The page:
macOS Onboarding at Kolide
At Kolide, we believe that we should be the first customers of the products we build. Dogfooding our products has helped us catch bugs, improve user experience and come up with new product ideas. Like many other startups, we mostly use Macbooks for development. We’ve developed tools and workflows to ensure that every Mac in our fleet is up to date and has the most recent version of osquery and the Kolide Launcher running.
Kolide is fully remote, with employees in every US timezone which creates unique challenges for employee on-boarding. Since a Kolide employees’ first day typically occurs in their own home and we don’t stockpile pre-imaged Macs, we must ship them factory sealed laptops directly from Apple. This requires an on-boarding process that literally works “out of the box”. To accomplish this, we’ve chosen to use Apple’s Device Enrollment Program (DEP) to help us enroll our Macs in Mobile Device Management (MDM). The DEP service ensures that any new laptop we purchase will automatically enroll into our MDM service.
Going through the Setup Assistant on the Mac, the user is prompted to join our Mobile Management Server. We’ve chosen MicroMDM — a side project of mine that has met wider success in the mac admin community — as our MDM solution because it is one of three MDMs out there capable of installing custom macOS packages without a proprietary agent. That lets us make sure we have complete control over the software installed on the Mac, and that our management tools are the first to be installed.
While the user finishes typing their account information on the new mac, several things happen in the background:
The MDM pushes a custom signed copy of Munki with a script that kicks off our DEP Bootstrap software manifest.
Munki installs Yo, a lightweight notification utility. We use it to let the user know we’re configuring the laptop.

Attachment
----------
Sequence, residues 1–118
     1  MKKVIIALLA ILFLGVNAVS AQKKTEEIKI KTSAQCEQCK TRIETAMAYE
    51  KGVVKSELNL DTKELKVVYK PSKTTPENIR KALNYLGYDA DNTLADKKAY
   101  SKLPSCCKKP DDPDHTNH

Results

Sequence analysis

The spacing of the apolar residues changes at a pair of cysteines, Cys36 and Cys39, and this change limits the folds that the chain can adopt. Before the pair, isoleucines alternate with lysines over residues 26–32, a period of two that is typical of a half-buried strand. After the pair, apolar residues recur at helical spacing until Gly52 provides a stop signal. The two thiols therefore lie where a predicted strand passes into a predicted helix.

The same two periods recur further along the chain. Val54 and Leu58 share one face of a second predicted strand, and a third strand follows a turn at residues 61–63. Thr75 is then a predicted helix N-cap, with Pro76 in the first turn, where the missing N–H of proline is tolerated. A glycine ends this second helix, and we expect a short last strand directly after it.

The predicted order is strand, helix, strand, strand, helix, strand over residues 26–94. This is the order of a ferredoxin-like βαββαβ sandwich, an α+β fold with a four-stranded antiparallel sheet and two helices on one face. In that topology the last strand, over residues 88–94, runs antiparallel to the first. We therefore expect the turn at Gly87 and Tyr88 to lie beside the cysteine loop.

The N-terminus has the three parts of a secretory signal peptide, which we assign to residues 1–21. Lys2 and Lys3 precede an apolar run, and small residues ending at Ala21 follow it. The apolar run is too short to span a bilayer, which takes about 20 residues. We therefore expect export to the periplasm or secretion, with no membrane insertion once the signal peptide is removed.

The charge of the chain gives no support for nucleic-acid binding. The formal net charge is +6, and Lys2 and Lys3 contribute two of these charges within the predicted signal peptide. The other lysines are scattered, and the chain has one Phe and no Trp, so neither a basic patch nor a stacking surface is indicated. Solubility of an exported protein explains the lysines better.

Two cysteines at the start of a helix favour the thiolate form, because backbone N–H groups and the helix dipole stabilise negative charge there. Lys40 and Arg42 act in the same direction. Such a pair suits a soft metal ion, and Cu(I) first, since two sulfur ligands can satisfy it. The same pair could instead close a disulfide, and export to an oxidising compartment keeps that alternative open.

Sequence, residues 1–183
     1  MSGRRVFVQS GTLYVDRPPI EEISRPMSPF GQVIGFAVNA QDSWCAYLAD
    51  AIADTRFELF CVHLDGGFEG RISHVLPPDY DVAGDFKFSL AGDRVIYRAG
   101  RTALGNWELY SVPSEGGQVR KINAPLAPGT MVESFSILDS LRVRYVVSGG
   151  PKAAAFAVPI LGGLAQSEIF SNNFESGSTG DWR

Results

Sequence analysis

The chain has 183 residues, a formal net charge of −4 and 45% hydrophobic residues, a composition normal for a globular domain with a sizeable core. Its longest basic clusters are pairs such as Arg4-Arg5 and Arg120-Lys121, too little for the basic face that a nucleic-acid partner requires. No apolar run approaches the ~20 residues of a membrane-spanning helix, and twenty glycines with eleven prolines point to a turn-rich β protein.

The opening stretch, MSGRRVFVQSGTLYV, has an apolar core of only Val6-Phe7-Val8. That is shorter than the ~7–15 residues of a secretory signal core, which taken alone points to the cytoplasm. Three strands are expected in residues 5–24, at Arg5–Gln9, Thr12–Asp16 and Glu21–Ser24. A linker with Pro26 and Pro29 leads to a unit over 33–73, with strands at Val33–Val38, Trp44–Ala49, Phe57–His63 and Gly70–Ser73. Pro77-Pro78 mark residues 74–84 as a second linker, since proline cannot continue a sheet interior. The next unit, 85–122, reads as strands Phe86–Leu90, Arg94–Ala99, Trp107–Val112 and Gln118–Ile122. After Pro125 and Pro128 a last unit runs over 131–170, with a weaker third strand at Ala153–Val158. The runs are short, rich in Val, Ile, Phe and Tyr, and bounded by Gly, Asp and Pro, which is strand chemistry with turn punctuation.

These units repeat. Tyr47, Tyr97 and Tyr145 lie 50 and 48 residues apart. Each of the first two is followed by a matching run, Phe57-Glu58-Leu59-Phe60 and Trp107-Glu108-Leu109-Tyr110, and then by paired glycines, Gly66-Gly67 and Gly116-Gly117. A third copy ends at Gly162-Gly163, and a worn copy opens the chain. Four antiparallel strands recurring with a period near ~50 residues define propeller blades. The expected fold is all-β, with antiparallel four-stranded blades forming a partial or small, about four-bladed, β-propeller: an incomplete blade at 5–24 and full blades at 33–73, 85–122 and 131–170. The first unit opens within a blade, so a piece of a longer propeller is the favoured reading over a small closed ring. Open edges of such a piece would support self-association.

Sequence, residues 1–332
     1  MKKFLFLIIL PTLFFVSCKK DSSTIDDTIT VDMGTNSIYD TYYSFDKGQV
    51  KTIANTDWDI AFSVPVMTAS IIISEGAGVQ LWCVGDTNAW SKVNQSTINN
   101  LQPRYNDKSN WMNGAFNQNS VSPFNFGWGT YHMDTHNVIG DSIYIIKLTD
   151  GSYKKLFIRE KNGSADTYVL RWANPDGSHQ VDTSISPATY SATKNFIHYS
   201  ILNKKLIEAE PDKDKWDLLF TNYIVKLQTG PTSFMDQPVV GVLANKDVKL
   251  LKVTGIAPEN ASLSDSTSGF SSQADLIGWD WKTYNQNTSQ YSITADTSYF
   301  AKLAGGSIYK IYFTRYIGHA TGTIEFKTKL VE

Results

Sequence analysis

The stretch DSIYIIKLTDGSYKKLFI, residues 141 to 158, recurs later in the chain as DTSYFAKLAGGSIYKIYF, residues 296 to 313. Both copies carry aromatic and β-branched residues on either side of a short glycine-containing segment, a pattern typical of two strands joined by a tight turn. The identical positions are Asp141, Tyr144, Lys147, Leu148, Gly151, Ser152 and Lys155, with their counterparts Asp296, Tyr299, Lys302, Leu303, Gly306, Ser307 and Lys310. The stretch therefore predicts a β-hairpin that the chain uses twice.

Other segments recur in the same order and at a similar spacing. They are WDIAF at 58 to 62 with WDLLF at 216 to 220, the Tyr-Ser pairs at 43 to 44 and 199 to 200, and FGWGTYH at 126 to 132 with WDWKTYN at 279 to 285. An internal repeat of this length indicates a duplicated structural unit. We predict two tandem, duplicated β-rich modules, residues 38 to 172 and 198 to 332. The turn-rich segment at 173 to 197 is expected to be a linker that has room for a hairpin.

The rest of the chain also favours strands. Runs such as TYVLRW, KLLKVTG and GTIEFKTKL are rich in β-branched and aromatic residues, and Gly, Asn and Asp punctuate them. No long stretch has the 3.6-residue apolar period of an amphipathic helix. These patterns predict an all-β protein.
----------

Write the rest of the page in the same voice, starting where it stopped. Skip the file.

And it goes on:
Munki installs our launcher package and queues a Yo notification.
The launcher enrolls the user into Fleet. A final notification is triggered letting the user know we’re done. Munki exits and starts its normal, hourly check-in process.
One of the challenges of running our own client on our Macs is that we’re also constantly running development versions of osquery and the launcher. To allow running both development and long lived versions of the client we namespaced the folders within the package deployed by Munki with kolide-corp.
We added the ability to quickly create custom packages into our package tooling, which is available in the launcher repository.
Kolide Launcher includes a built-in feature that allows it to download new versions of itself and osquery from a secure TUF mirror (More on The Update Framework in a future blog post). We enable autoupdate in our packages and use a beta feed so that we can test upcoming releases internally before the Osquery team marks them as stable
As you can see, with minimal effort and a few open source tools, you can create a first-class Mac unboxing experience for your remote employees that also gives your organization immediate visibility into a new Mac’s security posture. Look out for more insights from us on this topic as Kolide’s engineering organization grows and the process evolves.